Q. Why does my friend have numbness after hemilaminectomy surgery?

 

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Hello doctor,

I am inquiring for a friend who underwent L4 – L5 hemilaminectomy surgery. He is recovering except for the persistent numbness, pins and needles and swelling in his left foot. It is more pronounced in the afternoon to evening. He is a teacher by profession. He has reported this to his doctor, but his doctor has no answer to the numbness, etc., and just asked him to report to him every now and then and wait for complete recovery. This is why we are reaching out at least to get an opinion or advice what could the symptoms be. Is it normal and how long will he have this? Meantime, what can he do to ease the symptoms? Many thanks.

 

 

Answered



Hi,

Welcome to dr.sitehome.info.

  • It sounds like your friend is bothered by the persistent tingling and numbness in his left foot. I understand these sensations can be quite irritating, especially if your work involves standing for long periods.
  • Did he have these tingling sensations in the same areas before the surgery? If so, have these worsened after the surgery or remained the same?
  • I assume his symptoms before the surgery were also on the left side and his hemilaminectomy was also performed on the left side.
  • It will be nice if I could see the preoperative MRI images to see what the hemilaminectomy was done for. Often, if the surgery involves removal of a large herniated disc or the space available for the nerve is very less (stenosis), then the nerve may get bruised during surgery due to retraction.
  • This means that, in order to decompress the nerve, the surgeon has to retract the nerve to go around the nerve and remove the compressing elements. If the compression is severe, the nerve gets bruised easily and there may be persistent numbness and tingling in the areas of the leg and foot that are geographically supplied by that nerve.
  • Since the surgeon has advised him to wait it out, I assume this is likely the case.
  • Swelling of the foot is common if the nerve supplying that area is not fully functional. The weak muscles in the leg and foot are not able to push the blood back up towards the heart and gravity causes this dependent area to swell up. This is often seen at the end of the day and gets better at night when he sleeps.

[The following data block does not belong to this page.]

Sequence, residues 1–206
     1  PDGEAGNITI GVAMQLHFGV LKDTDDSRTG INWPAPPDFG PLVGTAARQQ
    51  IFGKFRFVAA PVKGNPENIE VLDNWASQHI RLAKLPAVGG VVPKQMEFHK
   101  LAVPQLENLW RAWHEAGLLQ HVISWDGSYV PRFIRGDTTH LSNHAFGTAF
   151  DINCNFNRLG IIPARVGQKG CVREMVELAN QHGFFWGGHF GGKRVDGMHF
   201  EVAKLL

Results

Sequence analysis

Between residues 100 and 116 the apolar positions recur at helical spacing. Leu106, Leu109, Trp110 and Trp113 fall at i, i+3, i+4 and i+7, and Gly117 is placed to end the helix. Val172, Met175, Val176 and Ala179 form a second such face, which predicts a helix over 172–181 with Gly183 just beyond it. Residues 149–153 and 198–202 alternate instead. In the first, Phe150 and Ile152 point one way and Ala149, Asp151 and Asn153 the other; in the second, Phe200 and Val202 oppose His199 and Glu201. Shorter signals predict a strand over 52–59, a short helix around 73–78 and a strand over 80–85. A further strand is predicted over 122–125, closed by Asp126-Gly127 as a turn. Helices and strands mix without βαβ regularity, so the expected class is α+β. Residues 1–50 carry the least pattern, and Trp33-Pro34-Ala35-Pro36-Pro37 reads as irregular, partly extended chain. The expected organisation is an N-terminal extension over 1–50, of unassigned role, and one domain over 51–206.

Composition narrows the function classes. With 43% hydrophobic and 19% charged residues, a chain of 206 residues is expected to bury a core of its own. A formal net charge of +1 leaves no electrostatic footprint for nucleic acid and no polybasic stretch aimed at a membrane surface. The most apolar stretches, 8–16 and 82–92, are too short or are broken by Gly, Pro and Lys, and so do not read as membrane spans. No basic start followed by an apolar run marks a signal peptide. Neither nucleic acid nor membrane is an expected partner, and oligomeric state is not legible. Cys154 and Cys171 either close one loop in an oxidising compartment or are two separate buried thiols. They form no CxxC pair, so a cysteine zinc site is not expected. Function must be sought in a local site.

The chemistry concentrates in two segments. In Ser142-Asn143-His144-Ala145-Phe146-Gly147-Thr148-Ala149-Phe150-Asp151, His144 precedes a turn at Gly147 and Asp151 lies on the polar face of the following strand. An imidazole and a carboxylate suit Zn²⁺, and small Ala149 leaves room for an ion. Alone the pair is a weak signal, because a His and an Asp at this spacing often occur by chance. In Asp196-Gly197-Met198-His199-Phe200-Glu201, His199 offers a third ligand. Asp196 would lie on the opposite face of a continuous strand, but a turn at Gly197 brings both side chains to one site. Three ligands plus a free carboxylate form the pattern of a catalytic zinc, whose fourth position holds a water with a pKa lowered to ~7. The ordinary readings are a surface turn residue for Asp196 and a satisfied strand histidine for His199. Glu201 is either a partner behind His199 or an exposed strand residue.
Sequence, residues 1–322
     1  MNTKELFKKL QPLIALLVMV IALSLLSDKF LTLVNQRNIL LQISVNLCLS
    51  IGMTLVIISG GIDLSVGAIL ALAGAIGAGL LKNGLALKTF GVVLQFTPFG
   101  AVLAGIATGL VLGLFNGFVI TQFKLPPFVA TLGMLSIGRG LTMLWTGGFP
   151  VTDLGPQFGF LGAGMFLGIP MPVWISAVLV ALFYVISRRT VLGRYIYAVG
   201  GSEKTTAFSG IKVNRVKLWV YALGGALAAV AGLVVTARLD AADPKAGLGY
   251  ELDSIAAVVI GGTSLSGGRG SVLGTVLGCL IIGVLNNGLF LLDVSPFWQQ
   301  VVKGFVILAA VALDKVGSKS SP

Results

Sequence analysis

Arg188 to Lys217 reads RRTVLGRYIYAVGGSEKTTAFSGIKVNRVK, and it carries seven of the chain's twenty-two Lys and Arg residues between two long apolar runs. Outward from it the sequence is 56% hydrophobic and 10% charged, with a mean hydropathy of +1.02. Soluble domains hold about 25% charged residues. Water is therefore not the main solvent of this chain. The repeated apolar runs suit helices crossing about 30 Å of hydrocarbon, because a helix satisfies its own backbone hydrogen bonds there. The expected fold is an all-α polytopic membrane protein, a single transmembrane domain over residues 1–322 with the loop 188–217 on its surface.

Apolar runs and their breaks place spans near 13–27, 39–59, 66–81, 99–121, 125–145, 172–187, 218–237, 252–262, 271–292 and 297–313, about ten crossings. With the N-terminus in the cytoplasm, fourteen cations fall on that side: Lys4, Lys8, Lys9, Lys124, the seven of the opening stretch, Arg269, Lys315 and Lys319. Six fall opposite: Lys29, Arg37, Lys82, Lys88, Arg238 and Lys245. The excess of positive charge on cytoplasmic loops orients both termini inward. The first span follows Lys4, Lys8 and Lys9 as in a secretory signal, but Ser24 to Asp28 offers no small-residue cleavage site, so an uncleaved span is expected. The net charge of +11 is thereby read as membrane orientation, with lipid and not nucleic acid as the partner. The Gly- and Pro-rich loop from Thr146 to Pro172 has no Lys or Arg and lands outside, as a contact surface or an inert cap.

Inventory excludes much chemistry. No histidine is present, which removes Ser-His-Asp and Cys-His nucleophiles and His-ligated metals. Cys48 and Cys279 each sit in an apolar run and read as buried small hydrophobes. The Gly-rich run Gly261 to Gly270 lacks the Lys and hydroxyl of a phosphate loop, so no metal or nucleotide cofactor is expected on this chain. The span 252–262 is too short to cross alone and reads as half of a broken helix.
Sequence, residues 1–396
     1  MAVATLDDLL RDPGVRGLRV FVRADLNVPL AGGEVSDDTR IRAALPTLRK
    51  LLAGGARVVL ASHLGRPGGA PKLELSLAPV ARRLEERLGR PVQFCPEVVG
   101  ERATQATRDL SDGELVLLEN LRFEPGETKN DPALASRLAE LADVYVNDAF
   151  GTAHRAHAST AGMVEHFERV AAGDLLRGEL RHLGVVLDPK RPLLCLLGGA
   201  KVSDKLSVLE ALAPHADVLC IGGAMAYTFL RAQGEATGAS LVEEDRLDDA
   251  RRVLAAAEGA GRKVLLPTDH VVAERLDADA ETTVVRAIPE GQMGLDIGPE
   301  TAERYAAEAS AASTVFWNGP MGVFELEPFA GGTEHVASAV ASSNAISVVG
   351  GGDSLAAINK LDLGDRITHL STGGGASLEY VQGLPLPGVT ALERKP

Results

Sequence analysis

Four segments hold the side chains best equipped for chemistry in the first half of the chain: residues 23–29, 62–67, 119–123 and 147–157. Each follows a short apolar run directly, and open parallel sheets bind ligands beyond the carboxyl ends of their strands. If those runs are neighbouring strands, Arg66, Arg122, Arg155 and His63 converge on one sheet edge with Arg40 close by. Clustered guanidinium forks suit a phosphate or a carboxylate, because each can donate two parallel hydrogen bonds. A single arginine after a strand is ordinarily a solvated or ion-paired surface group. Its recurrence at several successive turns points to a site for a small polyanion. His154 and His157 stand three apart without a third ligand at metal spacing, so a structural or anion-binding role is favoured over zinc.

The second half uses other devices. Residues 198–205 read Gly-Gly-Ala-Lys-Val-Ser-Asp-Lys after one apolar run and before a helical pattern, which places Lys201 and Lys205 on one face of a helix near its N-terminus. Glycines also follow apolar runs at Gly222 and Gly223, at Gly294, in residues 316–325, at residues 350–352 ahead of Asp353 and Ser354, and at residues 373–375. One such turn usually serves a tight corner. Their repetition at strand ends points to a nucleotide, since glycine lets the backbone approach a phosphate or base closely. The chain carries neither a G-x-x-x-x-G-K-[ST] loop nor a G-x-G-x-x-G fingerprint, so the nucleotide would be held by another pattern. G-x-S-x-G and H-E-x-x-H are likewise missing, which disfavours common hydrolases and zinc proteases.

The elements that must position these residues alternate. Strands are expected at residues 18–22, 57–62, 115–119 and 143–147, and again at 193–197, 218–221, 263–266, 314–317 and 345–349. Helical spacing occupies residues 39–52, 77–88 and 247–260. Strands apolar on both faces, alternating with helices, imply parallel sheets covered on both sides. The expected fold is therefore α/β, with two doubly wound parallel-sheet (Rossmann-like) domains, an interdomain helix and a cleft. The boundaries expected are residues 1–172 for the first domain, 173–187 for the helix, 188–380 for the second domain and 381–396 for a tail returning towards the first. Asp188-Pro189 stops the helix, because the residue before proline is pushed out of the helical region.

• It is difficult to predict how long the tingling will last. It could be a few months.
  • The fact that there is tingling and not pure numbness is actually encouraging, although it is more irritating to the patient. If it were a complete nerve injury, then only numbness would be experienced. The presence of tingling means that the nerve is just irritated, inflamed and swollen due to the bruising.
  • If the tingling is very bothersome, he may try some neuralgic pain medications like Gabapentin or Pregabalin. Nonsteroidal anti-inflammatory medications (NSAIDs) may also help in this situation.
  • There is a very rare possibility of other complications like recurrent disc herniation, other post-surgical changes irritating the nerve, etc. These are difficult to diagnose and usually need a new MRI with contrast.
  • However, it is advisable to delay such investigation for at least for two to three months after surgery, since the MRI images at this stage will be obscured by the post surgical changes.
  • If the symptoms of tingling and numbness are progressively worsening and if he develops back pain, a new MRI may be needed irrespective of the time since surgery to rule out infection or instability.

  • The Probable causes:

    Surgical retraction of nerve that may have caused it to bruise.

  • Investigations to be done:

    None, if symptoms are not progressively worsening.

  • Differential diagnosis:

    Recurrent disc herniation.

  • Treatment plan:

    Gabapentin or Pregabalin and NSAIDs.

  • Regarding follow up:

    For further doubts consult a spine surgeon online.—> https://www.dr.sitehome.info/ask-a-doctor-online/spine-surgeon


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